EXAMINING ASSOCIATIONS BETWEEN YOUNG ADULT ANXIETY, DEPRESSION, AND WILLINGNESS TO ENGAGE IN ALCOHOL, MARIJUANA, AND SIMULTANEOUS ALCOHOL AND MARIJUANA USE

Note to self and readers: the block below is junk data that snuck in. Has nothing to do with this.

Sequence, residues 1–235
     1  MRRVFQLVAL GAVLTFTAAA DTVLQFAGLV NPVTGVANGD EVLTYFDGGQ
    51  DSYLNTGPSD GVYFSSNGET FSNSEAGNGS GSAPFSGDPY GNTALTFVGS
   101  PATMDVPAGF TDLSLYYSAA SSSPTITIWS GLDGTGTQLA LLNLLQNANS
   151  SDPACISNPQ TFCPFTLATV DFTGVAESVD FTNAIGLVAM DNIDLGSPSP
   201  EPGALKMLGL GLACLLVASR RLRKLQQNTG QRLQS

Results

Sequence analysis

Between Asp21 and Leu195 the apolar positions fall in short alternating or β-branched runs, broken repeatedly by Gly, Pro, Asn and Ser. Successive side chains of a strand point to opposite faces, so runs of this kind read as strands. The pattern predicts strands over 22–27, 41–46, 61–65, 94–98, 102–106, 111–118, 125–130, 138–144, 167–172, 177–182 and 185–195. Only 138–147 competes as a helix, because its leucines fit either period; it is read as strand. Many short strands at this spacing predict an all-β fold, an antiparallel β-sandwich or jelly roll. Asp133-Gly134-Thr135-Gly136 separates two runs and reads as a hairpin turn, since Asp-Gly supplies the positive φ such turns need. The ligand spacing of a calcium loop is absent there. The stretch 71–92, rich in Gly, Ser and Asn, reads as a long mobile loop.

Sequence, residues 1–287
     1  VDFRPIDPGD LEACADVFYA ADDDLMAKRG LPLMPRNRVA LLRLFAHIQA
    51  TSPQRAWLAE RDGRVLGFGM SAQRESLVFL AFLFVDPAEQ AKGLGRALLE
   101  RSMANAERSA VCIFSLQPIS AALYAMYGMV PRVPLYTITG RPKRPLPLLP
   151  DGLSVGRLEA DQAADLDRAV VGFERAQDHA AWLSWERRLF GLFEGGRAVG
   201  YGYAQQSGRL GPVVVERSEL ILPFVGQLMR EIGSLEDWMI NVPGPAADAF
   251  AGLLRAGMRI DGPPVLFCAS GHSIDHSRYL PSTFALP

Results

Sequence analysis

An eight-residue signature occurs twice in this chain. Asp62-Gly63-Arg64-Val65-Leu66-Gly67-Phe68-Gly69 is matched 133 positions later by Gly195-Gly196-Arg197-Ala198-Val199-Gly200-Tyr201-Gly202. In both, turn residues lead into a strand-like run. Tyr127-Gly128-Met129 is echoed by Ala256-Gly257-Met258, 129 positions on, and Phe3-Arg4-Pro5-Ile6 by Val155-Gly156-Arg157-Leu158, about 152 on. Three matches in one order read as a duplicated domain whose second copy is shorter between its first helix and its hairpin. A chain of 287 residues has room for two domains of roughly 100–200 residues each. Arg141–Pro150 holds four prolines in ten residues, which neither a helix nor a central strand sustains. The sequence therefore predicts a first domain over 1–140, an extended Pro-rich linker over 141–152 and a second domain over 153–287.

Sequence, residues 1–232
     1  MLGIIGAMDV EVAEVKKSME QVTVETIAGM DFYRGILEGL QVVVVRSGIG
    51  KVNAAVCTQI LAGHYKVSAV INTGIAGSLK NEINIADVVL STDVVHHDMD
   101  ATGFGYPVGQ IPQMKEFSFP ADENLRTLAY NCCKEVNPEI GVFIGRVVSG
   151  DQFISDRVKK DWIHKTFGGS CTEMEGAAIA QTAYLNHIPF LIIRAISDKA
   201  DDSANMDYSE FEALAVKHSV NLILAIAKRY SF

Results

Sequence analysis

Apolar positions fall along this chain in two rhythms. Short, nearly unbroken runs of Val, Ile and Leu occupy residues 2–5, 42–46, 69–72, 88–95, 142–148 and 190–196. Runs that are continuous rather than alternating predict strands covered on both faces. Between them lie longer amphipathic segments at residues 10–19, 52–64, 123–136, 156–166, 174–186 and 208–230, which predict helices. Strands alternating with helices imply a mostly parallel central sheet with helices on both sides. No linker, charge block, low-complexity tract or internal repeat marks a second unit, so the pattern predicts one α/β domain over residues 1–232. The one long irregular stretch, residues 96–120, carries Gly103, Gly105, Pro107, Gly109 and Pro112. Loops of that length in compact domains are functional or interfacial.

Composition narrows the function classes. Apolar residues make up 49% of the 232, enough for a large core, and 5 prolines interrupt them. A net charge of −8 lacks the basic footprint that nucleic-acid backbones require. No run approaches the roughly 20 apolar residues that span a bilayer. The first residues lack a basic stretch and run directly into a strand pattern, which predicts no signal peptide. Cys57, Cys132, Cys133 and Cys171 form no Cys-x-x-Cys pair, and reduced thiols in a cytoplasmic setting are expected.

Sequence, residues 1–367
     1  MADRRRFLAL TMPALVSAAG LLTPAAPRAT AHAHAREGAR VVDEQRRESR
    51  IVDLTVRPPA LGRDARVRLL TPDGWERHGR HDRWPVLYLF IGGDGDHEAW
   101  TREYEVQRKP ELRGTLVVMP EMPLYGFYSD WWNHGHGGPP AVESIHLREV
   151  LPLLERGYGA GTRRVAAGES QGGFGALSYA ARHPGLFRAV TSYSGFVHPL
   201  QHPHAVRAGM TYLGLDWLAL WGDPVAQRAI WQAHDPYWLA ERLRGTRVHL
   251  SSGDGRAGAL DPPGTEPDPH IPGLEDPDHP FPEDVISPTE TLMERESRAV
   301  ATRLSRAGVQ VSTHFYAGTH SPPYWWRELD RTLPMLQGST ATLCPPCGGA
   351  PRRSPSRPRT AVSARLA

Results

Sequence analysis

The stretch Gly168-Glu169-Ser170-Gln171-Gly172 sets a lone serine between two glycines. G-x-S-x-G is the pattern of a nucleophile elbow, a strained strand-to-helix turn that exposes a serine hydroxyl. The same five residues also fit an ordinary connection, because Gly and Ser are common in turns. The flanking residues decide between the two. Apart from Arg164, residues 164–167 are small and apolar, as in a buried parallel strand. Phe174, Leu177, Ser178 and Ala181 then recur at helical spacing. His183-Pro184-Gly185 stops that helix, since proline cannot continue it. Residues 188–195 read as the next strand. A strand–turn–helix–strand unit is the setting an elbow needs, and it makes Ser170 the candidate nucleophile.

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Purpose: Research indicates that young adults use alcohol and marijuana independently, or simultaneously (SAM; alcohol and marijuana use at the same time so that effects overlap) to cope with emotional distress (i.e., anxiety, depression). Given that behavioral willingness (i.e., openness) can be viewed as a predisposition to behavior, understanding mental health-related factors associated with willingness to engage in different types of substance use (i.e., alcohol, marijuana, SAM) may aid in identifying young adults at risk for harmful substance use. Methods: Participants ages 18-25 (N=363;60.1% female) completed baseline of a larger ecological momentary assessment study. Linear regression analyses controlling for age, gender, and past-month substance use examined associations between depressive and anxious distress and a willingness to engage in alcohol, marijuana, and SAM use. Results: Reports of higher depressive symptoms were associated with more willingness to use alcohol (B= 0.21, t = 2.85, p < .01) and engage in SAM use (B= 0.13, t = 2.25, p < .05). Anxious symptomology was associated with less willingness to use alcohol (B= -0.22, t = -2.99, p < .01), and more willingness to use marijuana (B= 0.15, t = 1.99, p < .05). Conclusions: Findings suggest that depressive and anxious distress are differentially associated with a willingness to engage in different types of substance use, depending on whether alcohol and marijuana are used independently or simultaneously. Therefore, targeted intervention strategies for young adults with depressive or anxious symptoms through early identification of willingness cognitions could prevent harmful substance use.